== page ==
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Distant metastases from low risk thyroid cancer are rare and associated with RAS and/or TERT Mutations

Clinical Thyroidology for the Public

The rate of thyroid cancer has been increasing over the last 20 years. Most of this increase has been in papillary thyroid cancer, which is the most common type of thyroid cancer. Fortunately, the vast majority of patients with papillary thyroid cancer do well and death from papillary thyroid cancer is rare. Because of this, the most recent guidelines from the American Thyroid Association emphasize an assessment of risk of the patient for cancer recurrence to help guide treatment and follow up after the initial thyroid surgery. Most patients with papillary thyroid cancer fall into the low risk category.

Spread of the cancer into the lymph nodes of the neck and outside of the neck increases the risk of recurrence. Spread of thyroid cancer outside the neck (metastases) is rare, occurring in between 1.2 and 13% of patients. However, when present in older patients, distant metastases are associated with a higher risk for death. Most patients who develop distant metastases from their thyroid cancer have evidence of aggressive features noted after surgery. Some unusual cases of distant metastases from low risk papillary thyroid cancer without these aggressive features can be a surprise to clinicians and have not been studied in detail.

The goal of the study is done to evaluate the features of low risk papillary thyroid cancer that develops distant metastases.

Xu B et al. Primary thyroid carcinoma with low-risk histology and distant metastases: clinicopathologic and molecular characteristics. Thyroid. May 2017, 27(5): 632-640.

The 1983-2009 institutional database of Memorial Sloan- Kettering Cancer Center, New York, NY, identified 123 patients with distant metastases. A total of 11 cases of low risk primary thyroid cancers who also had distant metastases were also retrieved from the pathology database at the same institution.

Of the initial group of 123 patients, 74 of the patients had distant metastases at presentation and 49 patients developed distant metastases and 97% (119 patients) were considered aggressive based the initial pathology. The remaining 4 were considered low risk based on pathology and these were added to the 11 additional patients low risk patients with distant metastases for further study.

The types of cancers were 1) encapsulated follicular variant of papillary thyroid cancer with invasion (8), 2) infiltrative follicular variant of papillary thyroid cancer (2), 3) papillary microcarcinoma infiltrative follicular variant (1), 4) encapsulated papillary thyroid cancer classical variant (1), 5) encapsulated follicular carcinoma (1), and 6) encapsulated Hurthle cell thyroid carcinoma (2). A total of 10 of the primary cancers were less than 2 cm in size, all 15 had negative surgical margins and 6 were multifocal. Of the 12 encapsulated tumors, 9 had focal capsular invasion and 3 had extensive capsular invasion.

The metastatic sites included 12 bone metastases, 3 to the lung, 2 to the chest wall, and 2 to the liver, 1 to the brain, and 1 to the kidney, and 2 to the pelvic and buttock soft tissue. A total of 11 of the patients were symptomatic and the other 4 patients had incidental findings on imaging studies which demonstrated the metastases. Thyroglobulin levels post-operatively were noted in 6 patients and these levels varied from 1.2 to 7570 ng/mL.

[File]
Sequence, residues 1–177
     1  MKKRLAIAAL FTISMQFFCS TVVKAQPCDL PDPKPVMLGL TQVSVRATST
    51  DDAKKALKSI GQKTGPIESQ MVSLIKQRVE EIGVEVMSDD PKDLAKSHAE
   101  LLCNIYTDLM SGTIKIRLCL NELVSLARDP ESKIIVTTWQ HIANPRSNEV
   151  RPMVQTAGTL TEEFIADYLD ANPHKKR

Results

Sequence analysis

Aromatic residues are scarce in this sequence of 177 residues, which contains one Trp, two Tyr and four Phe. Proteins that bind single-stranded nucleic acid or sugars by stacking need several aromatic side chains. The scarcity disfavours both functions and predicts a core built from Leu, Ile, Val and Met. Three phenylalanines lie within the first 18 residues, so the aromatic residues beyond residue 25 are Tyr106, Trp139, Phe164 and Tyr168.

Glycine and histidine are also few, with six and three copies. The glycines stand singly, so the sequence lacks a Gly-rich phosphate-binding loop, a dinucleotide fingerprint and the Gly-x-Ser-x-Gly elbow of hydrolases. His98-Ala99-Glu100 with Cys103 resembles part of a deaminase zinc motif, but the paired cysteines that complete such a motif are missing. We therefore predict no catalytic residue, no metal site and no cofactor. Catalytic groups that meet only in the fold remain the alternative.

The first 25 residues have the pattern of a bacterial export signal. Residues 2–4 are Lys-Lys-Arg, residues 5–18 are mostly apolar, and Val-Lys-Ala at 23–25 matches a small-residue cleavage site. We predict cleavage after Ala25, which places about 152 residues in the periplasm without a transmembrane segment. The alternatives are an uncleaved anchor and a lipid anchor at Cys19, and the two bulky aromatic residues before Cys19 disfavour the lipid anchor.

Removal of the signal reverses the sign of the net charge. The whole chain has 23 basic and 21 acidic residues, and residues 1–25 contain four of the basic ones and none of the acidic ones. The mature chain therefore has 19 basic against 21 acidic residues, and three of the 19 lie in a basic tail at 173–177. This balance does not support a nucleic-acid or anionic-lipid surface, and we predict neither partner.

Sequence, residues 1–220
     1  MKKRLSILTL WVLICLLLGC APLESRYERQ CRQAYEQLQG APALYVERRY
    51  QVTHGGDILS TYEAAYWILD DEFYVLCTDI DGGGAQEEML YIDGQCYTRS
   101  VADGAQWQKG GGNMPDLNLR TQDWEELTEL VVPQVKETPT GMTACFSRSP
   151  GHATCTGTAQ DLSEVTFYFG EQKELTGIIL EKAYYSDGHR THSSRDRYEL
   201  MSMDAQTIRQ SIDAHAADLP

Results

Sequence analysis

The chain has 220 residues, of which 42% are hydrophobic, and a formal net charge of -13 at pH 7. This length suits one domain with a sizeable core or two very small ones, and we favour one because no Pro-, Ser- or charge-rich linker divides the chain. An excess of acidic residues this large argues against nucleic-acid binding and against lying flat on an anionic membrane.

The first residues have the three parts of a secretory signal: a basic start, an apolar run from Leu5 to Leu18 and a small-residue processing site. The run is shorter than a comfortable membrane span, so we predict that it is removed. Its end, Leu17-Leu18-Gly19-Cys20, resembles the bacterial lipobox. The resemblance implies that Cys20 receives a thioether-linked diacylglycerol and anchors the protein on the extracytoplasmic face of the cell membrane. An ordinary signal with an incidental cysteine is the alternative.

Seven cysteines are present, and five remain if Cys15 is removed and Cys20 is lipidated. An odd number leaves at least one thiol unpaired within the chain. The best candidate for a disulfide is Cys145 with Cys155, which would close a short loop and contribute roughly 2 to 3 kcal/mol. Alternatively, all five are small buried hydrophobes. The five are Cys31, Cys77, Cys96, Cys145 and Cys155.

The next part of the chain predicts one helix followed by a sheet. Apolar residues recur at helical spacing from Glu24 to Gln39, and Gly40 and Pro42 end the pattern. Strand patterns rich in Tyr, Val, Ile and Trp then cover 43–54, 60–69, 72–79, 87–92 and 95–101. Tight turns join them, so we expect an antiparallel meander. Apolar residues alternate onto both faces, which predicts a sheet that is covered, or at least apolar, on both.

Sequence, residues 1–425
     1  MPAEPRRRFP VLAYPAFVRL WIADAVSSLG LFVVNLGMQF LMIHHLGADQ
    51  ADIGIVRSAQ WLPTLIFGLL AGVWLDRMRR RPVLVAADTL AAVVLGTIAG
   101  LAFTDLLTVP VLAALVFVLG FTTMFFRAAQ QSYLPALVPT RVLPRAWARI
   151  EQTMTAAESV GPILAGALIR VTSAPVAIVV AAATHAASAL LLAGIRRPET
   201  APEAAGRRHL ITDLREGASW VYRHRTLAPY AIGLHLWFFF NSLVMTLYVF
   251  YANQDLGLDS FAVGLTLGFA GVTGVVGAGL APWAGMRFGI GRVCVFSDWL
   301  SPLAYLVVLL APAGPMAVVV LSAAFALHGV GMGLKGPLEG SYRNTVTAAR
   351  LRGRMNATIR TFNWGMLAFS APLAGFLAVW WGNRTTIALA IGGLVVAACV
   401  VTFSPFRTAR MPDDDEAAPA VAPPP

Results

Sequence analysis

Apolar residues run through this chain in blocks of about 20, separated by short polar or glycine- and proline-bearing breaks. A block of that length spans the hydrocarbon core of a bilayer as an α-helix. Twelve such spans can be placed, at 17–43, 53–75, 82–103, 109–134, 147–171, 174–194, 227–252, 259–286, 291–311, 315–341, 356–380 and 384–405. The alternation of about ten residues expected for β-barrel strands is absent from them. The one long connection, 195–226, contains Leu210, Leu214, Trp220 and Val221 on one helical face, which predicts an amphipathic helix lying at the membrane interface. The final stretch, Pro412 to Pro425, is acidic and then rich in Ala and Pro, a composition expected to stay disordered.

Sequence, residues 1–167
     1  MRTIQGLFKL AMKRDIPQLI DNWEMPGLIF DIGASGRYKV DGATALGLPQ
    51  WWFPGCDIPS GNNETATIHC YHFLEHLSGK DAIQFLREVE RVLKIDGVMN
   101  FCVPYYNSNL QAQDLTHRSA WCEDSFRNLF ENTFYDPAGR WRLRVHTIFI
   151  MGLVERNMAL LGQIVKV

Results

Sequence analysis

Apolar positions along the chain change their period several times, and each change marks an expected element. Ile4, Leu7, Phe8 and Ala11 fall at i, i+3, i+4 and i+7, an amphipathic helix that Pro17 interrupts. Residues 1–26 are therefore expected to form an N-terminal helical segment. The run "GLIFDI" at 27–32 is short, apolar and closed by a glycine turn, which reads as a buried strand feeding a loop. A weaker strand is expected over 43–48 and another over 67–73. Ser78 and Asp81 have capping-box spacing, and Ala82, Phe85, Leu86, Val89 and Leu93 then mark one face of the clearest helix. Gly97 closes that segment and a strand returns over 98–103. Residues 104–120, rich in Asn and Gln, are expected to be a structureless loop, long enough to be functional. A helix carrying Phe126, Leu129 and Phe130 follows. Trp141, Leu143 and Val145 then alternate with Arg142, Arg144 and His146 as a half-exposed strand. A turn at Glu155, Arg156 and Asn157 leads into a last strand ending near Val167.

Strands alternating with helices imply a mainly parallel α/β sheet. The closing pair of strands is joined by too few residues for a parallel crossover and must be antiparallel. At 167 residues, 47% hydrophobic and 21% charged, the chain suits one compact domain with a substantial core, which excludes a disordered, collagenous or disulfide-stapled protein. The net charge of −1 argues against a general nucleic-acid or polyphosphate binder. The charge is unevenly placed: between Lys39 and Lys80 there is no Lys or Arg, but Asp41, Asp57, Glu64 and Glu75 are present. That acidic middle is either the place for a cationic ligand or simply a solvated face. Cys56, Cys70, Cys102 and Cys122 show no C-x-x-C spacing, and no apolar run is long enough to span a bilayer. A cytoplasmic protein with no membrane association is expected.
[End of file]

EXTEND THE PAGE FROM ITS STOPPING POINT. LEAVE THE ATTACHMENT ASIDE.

The molecular testing was completed on 8 of the 15 cases. The results showed that 6 of these cancers had 2 or more mutations present. RAS mutations (4NRAS, 1HRAS) were present in 5 of the 8, 6 had TERT promoter mutations and in 4 of these 6 there were either BRAFV600E or RAS mutations present as well.

Patients with low risk thyroid cancer are unlikely to develop distant metastases but when they do, there is a high rate of TERT promoter mutations. Although initial pathology is currently an excellent predictor of risk of cancer recurrence, further information from molecular testing may allow for more certainty. Future direction for research will continue to focus on predicting risk earlier on in the disease process and may include testing for molecular mutations such as TERT promoter mutations.

— Julie Hallanger-Johnson, MD

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Genes: a molecular unit of heredity of a living organism. Living beings depend on genes, as they code for all proteins and RNA chains that have functions in a cell. Genes hold the information to build and maintain an organism’s cells and pass genetic traits to offspring.

Cancer-associated genes: these are genes that are normally expressed in cells. Cancer cells frequently have mutations in these genes. It is unclear whether mutations in these genes cause the cancer or are just associated with the cancer cells. The cancer-associated genes important in thyroid cancer are BRAF, RET/PTC, TERT and RAS.

Mutation: A permanent change in one of the genes.

Molecular markers: genes and microRNAs that are expressed in benign or cancerous cells. Molecular markers can be used in thyroid biopsy specimens to either to diagnose cancer or to determine that the nodule is benign. The two most common molecular marker tests are the Afirma™ Gene Expression Classifier and Thyroseq™